Wednesday, May 13, 2020

The Button Jar

by Shanna Hatfield

Buttons are such a simple thing. One we hardly give a thought to these days (until one pops off unexpectedly!). 

The history of buttons goes back centuries. At first, buttons were ornamental, used almost like jewelry is worn today - purely for decoration.

Dated at 5,000 years old, an ornamental button made from shell and found in Pakistan, is considered to be the oldest button in existence. Early buttons where made from shells, bone, horns, clay, bronze and wood.  Some of the buttons had holes, others shanks, but all were decorative.

Later, buttons were used for more practical duties. In ancient Rome, buttons were used to secure clothes, but they were a far cry from the functional buttons we're accustomed to seeing. 

 It wasn't until the 13th century that proper buttonholes were sewn into clothes. A nod is given to German's for developing the first button and button-hole closure system. Reportedly, returning soldiers brought the idea of buttons back to Europe when they returned from the Crusades.

 New possibilities in fashion arose, allowing for a more form-fitting shape. Buttons were still largely used by the wealthy during this period. In medieval times, buttons equated wealth, both for the maker and the wearer. It was even conceivable one who had gotten into debt could sell a precious button or two to generate funds.

Larger buttons were even used to hide keepsakes or stolen loot in secret chambers. 

Wikimedia Commons, Italy 1700s, buttons and buttonholes.
Those who didn't mingle with the wealthy had buttons, too. These tended to be crudely made, fashioned of materials found at home.

The Industrial Revolution ushered in mass production of buttons. The four-hole button we are all familiar with emerged. This period also saw popularity of brass buttons rise. Following the death of Prince Albert, Queen Victoria tended to wear black buttons so during the later years of the 19th century, black glass buttons were the most popular of all. 

Designers and fashionistas turned buttons into workhorse rather than a decorative accessory. Mass production and the invention of plastic, made them prevalent in clothing, despite the invention of the zipper. 

When I was a little girl, I used to love digging through the jar of buttons my mom kept near the sewing machine. She made many of my clothes, clothes for my dolls, and clothes for my nieces. 

The jar was filled with buttons she'd saved from clothes that had worn out, as well as odds and ends from various sewing projects. She'd learned to save buttons from my grandmother, who did the same thing - keeping every button because it might one day be useful again. 

I remember stringing buttons on a long piece of crochet thread and thinking I'd made a beautiful necklace. I also remember stringing matching buttons together on a piece of thin copper wire so they'd be easy to find when needed. There were buttons bursting with color. Buttons made of metal. And a few tiny delicate buttons that had once graced baby gowns. Mom would point out a few buttons that were special to her.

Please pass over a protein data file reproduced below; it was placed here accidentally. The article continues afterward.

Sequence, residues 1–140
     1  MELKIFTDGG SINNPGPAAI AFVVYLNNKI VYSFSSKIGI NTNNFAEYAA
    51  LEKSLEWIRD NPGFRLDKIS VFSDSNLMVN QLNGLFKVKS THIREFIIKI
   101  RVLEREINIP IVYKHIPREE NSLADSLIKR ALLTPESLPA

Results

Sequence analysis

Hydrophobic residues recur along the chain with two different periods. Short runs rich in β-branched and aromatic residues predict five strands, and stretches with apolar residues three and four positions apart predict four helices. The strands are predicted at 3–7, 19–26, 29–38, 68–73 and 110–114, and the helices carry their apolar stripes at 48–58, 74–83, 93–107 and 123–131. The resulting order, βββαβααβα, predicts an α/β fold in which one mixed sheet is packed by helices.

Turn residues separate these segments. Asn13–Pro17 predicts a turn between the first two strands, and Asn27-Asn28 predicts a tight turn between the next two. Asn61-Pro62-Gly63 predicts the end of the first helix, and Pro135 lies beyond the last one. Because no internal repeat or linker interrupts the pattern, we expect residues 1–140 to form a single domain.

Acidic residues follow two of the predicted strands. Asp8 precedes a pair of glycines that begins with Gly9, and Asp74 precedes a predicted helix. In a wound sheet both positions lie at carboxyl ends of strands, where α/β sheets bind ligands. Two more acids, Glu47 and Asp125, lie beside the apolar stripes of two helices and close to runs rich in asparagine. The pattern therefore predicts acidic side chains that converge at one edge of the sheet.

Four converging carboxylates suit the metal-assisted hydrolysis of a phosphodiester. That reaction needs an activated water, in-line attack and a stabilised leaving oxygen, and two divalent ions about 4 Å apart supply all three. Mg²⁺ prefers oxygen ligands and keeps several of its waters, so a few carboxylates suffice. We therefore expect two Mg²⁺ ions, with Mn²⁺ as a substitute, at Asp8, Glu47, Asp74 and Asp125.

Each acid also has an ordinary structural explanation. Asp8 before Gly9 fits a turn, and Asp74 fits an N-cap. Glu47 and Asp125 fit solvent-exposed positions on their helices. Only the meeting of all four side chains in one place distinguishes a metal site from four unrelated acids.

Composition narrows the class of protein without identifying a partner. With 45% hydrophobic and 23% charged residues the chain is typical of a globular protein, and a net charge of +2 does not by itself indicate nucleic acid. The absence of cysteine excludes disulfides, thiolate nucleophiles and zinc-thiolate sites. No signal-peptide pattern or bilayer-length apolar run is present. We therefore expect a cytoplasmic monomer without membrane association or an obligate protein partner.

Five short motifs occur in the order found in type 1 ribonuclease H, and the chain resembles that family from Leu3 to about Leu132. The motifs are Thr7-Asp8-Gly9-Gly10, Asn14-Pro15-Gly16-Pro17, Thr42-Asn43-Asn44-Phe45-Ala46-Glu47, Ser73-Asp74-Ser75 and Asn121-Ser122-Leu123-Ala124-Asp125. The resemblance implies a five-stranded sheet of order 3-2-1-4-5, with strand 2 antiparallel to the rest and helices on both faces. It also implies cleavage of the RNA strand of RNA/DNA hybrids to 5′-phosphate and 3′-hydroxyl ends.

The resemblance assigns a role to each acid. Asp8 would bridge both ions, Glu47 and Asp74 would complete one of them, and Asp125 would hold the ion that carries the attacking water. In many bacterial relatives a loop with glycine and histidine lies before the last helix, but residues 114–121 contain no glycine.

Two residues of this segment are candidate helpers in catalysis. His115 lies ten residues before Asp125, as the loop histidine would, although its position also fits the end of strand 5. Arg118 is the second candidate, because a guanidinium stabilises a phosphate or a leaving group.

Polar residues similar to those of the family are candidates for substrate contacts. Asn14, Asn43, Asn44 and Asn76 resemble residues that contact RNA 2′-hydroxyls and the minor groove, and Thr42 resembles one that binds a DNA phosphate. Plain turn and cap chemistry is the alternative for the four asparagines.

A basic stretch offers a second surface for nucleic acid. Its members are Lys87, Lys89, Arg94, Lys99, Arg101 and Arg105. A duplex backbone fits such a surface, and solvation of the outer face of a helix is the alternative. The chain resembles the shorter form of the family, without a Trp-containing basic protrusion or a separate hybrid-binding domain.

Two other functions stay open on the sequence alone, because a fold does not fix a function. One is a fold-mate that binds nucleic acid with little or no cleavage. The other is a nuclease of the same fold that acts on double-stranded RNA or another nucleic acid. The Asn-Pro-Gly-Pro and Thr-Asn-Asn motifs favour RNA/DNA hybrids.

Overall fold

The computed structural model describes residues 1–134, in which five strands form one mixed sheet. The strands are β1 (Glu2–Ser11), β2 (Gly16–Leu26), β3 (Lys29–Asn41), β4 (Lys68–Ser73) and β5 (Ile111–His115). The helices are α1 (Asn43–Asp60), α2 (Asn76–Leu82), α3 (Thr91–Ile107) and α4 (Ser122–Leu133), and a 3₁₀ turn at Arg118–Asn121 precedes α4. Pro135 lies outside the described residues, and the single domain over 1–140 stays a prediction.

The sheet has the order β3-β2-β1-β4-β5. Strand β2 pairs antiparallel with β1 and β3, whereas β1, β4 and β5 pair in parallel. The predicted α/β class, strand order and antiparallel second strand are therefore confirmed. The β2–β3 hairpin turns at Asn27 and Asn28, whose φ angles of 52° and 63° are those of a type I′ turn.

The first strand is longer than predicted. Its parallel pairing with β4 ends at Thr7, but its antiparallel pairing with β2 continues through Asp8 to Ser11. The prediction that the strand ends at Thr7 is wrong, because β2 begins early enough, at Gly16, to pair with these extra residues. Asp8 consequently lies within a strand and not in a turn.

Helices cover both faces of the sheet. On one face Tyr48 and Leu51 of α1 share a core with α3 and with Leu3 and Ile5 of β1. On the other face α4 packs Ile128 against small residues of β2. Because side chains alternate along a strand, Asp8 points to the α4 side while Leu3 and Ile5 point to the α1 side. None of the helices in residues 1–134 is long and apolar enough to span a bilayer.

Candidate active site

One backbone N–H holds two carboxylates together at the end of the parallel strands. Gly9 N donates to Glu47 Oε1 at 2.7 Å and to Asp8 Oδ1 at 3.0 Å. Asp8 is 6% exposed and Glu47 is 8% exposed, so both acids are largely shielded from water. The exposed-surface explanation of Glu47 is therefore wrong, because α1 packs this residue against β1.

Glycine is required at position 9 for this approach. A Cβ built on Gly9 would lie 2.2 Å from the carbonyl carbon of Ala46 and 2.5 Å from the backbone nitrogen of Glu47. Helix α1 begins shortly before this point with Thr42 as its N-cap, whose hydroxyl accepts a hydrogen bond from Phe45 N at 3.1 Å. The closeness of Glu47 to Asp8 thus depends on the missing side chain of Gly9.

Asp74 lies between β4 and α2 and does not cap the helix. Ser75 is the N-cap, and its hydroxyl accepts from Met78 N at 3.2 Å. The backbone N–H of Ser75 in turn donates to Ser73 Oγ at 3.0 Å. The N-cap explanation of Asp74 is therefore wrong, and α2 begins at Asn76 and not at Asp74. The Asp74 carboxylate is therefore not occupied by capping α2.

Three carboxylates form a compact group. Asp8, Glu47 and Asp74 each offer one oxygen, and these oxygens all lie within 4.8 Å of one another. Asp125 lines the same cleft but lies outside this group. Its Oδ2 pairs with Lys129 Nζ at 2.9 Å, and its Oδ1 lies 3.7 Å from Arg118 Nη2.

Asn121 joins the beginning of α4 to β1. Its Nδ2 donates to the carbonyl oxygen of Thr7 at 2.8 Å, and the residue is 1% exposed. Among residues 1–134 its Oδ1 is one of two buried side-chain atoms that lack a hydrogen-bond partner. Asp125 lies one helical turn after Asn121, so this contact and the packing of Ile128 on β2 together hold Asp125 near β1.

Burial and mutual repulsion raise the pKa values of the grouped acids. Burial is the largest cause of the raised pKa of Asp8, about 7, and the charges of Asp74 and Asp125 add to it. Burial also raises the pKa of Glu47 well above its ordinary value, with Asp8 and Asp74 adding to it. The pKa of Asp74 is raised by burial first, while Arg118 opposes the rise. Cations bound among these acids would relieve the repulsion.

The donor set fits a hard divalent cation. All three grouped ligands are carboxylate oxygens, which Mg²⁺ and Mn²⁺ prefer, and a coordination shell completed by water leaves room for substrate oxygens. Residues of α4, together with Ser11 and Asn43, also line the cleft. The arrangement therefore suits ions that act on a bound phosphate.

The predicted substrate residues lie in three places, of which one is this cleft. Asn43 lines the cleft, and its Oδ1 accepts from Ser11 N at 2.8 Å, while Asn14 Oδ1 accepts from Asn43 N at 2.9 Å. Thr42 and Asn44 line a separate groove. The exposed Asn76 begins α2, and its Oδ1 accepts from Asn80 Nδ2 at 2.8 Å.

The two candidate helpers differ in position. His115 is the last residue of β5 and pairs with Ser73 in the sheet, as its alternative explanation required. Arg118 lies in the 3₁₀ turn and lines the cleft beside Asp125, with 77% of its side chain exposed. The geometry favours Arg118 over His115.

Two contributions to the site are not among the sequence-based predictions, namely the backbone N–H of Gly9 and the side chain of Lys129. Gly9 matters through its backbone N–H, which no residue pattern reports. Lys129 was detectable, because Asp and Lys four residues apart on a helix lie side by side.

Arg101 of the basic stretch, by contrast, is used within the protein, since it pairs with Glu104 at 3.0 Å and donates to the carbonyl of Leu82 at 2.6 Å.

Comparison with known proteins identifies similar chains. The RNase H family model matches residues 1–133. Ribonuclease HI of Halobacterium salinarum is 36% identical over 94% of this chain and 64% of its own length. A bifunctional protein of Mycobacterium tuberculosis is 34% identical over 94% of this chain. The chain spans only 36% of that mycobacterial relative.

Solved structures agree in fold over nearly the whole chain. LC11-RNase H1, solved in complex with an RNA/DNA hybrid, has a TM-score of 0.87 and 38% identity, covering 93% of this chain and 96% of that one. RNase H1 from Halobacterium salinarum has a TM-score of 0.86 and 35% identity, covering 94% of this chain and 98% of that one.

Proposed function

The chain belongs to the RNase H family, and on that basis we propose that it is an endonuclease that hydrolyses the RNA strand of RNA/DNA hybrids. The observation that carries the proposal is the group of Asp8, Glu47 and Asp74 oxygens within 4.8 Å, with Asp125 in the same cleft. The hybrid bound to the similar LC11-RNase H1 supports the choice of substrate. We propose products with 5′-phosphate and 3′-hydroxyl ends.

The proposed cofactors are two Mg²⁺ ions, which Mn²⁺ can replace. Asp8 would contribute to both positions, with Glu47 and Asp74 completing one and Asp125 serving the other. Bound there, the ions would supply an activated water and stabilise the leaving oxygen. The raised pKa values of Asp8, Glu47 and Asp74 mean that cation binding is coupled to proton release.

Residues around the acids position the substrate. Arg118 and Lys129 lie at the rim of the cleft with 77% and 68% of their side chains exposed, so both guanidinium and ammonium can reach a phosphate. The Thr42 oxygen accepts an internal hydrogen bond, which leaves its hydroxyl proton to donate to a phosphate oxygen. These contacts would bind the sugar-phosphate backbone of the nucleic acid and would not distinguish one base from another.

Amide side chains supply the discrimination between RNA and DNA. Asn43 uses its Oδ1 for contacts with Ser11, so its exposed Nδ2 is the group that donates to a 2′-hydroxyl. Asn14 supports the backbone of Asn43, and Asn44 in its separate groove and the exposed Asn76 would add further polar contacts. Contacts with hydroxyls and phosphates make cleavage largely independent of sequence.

Years went by. I moved out, got married, and started my own button jar. But the buttons in it never held the magical appeal of Mom's buttons. 

We recently lost my mother, but when I was visiting Dad over the weekend I happened upon a large tin filled with buttons. The tin used to belong to my grandmother and it was where she kept her buttons. It appeared Mom had added her buttons to the collection.

I can't tell you how much it means to me to have that tin of buttons. It's a sweet connection to my grandma and Mom, along with some wonderful memories of happy times spent playing with the buttons while listening to the whir of the sewing machine as Mom sewed something and hemmed it with love. 

In my sweet romance, Ilsa, she is a seamstress who defies the conventions of the day and runs her own business.  

One of the most talented seamstresses of her time, Ilsa Thorsen could sell her creations anywhere in the world, but she ends up on her sister’s ranch in the western town of Pendleton, Oregon. Disgusted with the dust, smells, and nearly every aspect of rural life, Ilsa wonders how she’ll survive, particularly with the arrogant Tony Campanelli constantly underfoot.
Enterprising and hardworking, Tony Campanelli embraces life in the small community of Pendleton with his sister and their friends, especially since Ilsa Thorsen moves to town. The uptight seamstress just needs to learn to have some fun and Tony’s convinced he’s the man for the job.
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USA Today bestselling author Shanna Hatfield is a farm girl who loves to write. Her sweet historical and contemporary romances are filled with sarcasm, humor, hope, and hunky heroes. When Shanna isn’t dreaming up unforgettable characters, twisting plots, or covertly seeking dark, decadent chocolate, she hangs out with her beloved husband, Captain Cavedweller.
Shanna loves to hear from readers. Follow her online at:


  1. This was very interesting post and I have my dad’s button collection in plastic sandwich bags. After reading this might switch to a container

  2. I have fond memories of my mother's button box. It was an old, almost square, repainted lunchbox--child size. She would tell me whose clothes the big unusual buttons had been on. If I forgot, the next time I was looking though the button box I would ask her. I filled a lamp base with the bigger buttons.